Sunday evening was clear and luminous so we went to the star-watching rock and welcomed the arrival of each star with a blast of a trumpet. We lay there, in an odd assortment of coats; I had on an embroidered coat a friend had bought in Dubrovnik; the two girls had on ancient fur coats; and we were covered with blankets. We needed them, even though the rock itself still held the warmth of the sun, our own star, and radiated a gentle heat to us as we lay there and watched the sky, blowing the trumpets and sharing a can of insect repellent and listening to the crickets and the katydids and trying to identify the other night singers, and then outsinging them with all the nursery rhymes and songs and hymns we could think of which had stars and alleluias in them.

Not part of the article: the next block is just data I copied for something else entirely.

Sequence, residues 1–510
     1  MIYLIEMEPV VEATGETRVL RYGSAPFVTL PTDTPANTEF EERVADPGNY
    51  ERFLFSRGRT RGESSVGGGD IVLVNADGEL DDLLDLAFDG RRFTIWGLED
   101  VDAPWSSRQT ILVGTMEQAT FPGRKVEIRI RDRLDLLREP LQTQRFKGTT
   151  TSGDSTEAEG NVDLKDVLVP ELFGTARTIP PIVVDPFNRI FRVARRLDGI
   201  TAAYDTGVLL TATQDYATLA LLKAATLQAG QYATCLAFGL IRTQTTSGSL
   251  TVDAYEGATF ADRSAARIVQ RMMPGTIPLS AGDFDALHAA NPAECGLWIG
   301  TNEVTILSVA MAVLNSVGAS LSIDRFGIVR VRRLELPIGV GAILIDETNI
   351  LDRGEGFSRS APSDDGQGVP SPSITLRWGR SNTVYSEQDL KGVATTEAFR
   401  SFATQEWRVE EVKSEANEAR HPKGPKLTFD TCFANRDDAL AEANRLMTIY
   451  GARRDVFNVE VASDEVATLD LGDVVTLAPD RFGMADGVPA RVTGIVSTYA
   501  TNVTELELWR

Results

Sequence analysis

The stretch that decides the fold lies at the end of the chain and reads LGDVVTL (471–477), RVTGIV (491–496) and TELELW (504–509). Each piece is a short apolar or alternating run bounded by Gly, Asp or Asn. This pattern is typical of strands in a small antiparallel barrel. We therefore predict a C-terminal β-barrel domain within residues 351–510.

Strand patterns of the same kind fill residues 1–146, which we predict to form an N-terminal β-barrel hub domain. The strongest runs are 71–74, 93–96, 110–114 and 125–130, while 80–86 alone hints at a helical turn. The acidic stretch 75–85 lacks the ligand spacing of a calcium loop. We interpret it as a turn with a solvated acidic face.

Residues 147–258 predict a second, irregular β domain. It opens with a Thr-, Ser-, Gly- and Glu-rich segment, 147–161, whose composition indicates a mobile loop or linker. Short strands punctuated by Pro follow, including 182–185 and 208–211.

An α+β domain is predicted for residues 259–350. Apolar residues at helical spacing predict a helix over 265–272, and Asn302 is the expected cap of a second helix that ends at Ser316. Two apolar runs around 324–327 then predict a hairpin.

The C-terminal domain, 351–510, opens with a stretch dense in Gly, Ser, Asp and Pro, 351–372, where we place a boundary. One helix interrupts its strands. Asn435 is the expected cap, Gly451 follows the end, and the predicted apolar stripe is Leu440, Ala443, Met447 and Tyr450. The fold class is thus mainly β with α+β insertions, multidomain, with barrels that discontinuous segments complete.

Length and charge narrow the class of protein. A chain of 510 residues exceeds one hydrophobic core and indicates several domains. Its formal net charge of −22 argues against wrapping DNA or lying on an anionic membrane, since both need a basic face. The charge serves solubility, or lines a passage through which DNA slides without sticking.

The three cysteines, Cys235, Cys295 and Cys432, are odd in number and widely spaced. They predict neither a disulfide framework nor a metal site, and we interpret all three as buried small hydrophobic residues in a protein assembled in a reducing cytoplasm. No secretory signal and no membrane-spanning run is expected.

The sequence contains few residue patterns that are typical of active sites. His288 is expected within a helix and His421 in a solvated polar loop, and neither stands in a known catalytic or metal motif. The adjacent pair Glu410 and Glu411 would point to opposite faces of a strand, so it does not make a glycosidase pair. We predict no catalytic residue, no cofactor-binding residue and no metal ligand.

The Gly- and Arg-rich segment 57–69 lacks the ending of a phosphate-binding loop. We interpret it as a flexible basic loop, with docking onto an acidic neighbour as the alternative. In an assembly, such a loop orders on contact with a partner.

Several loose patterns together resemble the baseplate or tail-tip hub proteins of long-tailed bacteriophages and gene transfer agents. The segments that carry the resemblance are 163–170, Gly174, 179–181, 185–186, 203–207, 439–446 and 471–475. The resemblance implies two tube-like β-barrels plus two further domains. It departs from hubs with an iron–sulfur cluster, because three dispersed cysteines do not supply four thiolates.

And I was totally back in joy. I didn't realize I had been out of it, caught in small problems and disappointments and frustrations, until it came surging back. It was as radiant as the rock, and I lay there listening to the girls trumpeting, and occasionally being handed one of the trumpets so that I could make a loud blast myself, and I half expecting to hear a herd of elephants come thundering across the far pastures in answer to our call.
And joy is always a promise.
From A Circle of Quiet by Madeleine L'Engle